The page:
SNF Floquip has announced it will double its Midway Industrial Park plant, investing about $7 million in the expansion.
Floquip is a subsidiary of Liberty County’s largest employer, SNF Holding, which also operates what is known as Chemtall in Riceboro. The company’s announcement says the expansion will increase employment by about 35 percent. Floquip now employs about 130 people, but only 50 are directly with Floquip. The rest are considered contractors.
Company officials say the expansion is being promoted by advancements in the North American energy.
“We can’t hire fast enough, and we can’t build fast enough,” manager of manufacturing John Rankin said.
SNF’s Riceboro plant makes polymers used to clear solids out of water. Floquip makes equipment to apply those polymers.
The new, 160,000-square-foot facility will be sixteen times larger than the 10,000-square-foot building in Riceboro, where the company launched with about 15 employees in the early 1990s. In November 2011, the facility moved to its current 80,000 square-foot shop in Midway.
“You’d have never imagined five years ago that going from 10,000 to 80,000 wouldn’t meet our needs,” Rankin said.
SNF Holding is headquartered in France. It is a privately-owned, $2.6 billion company. Rankin said the company is making $1 billion in global business investments. Overall, SNF’s business has grown about 15 percent each year, and Rankin anticipates about a 35 percent employment growth in Floquip’s future.
During a recent Liberty County Development Authority meeting, SNF mining business director Kirk Thomas, “The driving force for getting our polymers out into the field is via the equipment in lots of cases. Having the equipment enables us to be a full service provider, not only of the chemical, but also of the means in which to use the chemical.”
The equipment is used in an array of markets, including municipal wastewater treatment, agriculture and turf management, mining and Canadian oil sands.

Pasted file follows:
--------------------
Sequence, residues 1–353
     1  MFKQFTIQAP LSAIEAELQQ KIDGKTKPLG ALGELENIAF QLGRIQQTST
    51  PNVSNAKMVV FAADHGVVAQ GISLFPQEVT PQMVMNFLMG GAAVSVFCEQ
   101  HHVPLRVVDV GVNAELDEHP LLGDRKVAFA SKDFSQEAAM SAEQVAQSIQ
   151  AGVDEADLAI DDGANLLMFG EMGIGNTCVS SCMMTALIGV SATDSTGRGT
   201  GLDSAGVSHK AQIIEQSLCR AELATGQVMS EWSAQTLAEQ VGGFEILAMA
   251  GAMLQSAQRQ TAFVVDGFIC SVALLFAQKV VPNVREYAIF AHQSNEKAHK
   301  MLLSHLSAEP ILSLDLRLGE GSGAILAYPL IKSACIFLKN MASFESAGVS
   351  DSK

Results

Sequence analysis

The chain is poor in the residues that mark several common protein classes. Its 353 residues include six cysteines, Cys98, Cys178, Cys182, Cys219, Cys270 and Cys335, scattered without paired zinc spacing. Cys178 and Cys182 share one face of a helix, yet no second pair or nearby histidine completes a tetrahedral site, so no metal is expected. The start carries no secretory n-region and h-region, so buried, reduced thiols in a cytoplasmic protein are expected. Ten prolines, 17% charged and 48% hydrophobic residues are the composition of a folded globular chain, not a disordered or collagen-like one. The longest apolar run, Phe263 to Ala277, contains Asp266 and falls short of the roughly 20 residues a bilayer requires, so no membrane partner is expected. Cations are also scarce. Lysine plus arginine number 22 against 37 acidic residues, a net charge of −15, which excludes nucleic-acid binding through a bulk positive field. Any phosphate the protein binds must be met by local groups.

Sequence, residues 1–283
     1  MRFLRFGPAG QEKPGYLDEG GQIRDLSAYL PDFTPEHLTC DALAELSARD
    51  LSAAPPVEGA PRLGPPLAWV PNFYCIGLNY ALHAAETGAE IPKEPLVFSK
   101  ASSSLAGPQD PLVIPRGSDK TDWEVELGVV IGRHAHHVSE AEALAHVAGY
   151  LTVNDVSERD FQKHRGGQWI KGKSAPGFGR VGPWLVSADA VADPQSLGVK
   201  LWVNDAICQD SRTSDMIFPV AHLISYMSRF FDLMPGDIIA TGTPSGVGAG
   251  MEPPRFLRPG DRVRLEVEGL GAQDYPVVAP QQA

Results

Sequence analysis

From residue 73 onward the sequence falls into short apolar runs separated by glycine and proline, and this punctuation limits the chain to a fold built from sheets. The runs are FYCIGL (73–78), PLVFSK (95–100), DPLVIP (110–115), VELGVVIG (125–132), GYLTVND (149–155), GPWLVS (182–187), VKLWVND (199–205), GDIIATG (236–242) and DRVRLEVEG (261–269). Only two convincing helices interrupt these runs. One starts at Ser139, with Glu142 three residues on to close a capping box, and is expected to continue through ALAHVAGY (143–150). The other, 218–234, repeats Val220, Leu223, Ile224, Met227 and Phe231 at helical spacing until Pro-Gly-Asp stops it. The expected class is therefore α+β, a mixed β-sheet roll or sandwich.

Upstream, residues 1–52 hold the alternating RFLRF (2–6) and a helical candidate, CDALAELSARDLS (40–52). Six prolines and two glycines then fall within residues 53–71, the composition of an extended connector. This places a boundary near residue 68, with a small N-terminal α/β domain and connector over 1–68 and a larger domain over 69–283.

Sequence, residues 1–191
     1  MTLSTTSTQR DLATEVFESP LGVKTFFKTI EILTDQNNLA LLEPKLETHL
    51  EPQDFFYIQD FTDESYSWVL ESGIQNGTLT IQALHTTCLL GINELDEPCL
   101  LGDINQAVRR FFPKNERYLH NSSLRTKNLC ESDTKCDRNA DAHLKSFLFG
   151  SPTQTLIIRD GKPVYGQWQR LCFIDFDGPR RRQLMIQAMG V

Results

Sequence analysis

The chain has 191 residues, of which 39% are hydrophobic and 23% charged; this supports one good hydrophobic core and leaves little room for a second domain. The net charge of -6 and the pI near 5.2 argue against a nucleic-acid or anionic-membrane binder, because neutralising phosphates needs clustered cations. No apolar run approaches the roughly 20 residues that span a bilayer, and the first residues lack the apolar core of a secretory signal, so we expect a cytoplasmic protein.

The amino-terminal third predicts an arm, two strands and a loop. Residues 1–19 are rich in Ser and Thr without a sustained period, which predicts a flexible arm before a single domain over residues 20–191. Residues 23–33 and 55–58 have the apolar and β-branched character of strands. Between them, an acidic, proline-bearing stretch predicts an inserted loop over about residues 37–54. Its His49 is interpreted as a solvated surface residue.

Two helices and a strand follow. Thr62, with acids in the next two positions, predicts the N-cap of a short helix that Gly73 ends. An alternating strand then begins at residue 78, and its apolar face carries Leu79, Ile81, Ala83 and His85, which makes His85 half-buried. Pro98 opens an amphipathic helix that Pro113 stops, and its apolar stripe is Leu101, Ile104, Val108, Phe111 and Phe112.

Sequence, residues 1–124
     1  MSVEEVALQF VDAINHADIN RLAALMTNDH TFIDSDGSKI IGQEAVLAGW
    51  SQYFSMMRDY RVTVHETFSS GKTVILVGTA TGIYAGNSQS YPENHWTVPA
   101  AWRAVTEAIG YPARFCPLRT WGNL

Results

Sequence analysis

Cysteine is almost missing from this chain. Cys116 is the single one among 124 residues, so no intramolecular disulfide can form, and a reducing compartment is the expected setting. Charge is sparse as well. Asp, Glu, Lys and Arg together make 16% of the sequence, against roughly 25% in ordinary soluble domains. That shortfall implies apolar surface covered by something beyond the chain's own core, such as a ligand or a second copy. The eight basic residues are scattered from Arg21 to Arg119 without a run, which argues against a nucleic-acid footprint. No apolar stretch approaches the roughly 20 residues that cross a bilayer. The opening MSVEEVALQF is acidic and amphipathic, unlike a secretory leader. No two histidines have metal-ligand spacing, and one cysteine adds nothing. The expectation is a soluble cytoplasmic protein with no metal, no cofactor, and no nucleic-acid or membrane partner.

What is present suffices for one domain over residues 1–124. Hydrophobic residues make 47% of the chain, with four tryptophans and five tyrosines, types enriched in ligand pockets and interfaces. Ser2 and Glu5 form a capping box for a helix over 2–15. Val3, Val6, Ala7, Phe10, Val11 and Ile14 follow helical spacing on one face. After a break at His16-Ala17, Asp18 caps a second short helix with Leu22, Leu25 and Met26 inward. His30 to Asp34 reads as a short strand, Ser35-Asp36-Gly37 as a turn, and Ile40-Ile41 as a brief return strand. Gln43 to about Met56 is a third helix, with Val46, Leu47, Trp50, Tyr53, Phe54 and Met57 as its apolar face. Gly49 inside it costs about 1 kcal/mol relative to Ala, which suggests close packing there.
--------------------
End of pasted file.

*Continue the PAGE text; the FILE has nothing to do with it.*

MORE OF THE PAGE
Enhanced-oil recovery in Canada’s Alberta Province is one of the company’s largest markets, and Thomas says the North American oil sands industry is rapidly growing.
“In a lot of these applications, we’re not involved in extracting the end-use product,” Rankin said. “We’re there to help clean up the waste, so it’s good for the environment.”
Rankin said the increased production benefits vendors, such as Georgia Iron Works in Macon. Contractors that provide the 80 workers at the plant include Coastal Industrial Company LLC, Universal Electrical Company and Daybreak Industrial. They provide welding, pipe fitting and fabrication at the shop.
Rankin attributes the business’s prosperity not only to global growth, but also to Liberty County’s workforce, collaborative business atmosphere, and training opportunities provided through Savannah Technical College.
“I’m a vet myself, and I like the close proximity to Fort Stewart and to the departing military. It’s a good resource for us to have,” Rankin said.
“There are lots of positive to being in Liberty County,” Thomas said. “We’ve benefitted from our involvement with the Liberty County Development Authority, especially giving us recognition for the International Business of the Year award; the ties to World Trade Center and its international trade and export resources...”